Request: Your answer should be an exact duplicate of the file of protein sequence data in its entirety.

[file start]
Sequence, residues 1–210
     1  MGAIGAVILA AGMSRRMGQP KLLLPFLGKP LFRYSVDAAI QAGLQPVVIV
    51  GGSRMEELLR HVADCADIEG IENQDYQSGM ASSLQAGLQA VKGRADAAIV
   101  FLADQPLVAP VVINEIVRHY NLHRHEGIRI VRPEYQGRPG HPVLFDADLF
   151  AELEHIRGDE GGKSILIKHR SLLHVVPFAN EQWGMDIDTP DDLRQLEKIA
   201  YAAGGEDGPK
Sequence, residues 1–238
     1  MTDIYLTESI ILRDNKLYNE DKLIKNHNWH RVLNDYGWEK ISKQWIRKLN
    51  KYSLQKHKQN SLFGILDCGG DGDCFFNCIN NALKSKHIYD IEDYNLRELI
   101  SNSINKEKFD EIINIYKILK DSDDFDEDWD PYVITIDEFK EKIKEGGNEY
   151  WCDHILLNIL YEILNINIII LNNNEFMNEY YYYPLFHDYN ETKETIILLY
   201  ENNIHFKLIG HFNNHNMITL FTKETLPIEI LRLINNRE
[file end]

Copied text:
Sequence, residues 1–210
     1  MGAIGAVILA AGMSRRMGQP KLLLPFLGKP LFRYSVDAAI QAGLQPVVIV
    51  GGSRMEELLR HVADCADIEG IENQDYQSGM ASSLQAGLQA VKGRADAAIV
   101  FLADQPLVAP VVINEIVRHY NLHRHEGIRI VRPEYQGRPG HPVLFDADLF
   151  AELEHIRGDE GGKSILIKHR SLLHVVPFAN EQWGMDIDTP DDLRQLEKIA
   201  YAAGGEDGPK
Sequence, residues 1–238
     1  MTDIYLTESI ILRDNKLYNE DKLIKNHNWH RVLNDYGWEK ISKQWIRKLN
    51  KYSLQKHKQN SLFGILDCGG DGDCFFNCIN NALKSKHIYD IEDYNLRELI
   101  SNSINKEKFD EIINIYKILK DSDDFDEDWD PYVITIDEFK EKIKEGGNEY
   151  WCDHILLNIL YEILNINIII LNNNEFMNEY YYYPLFHDYN ETKETIILLY
   201  ENNIHFKLIG HFNNHNMITL FTKETLPIEI LRLINNRE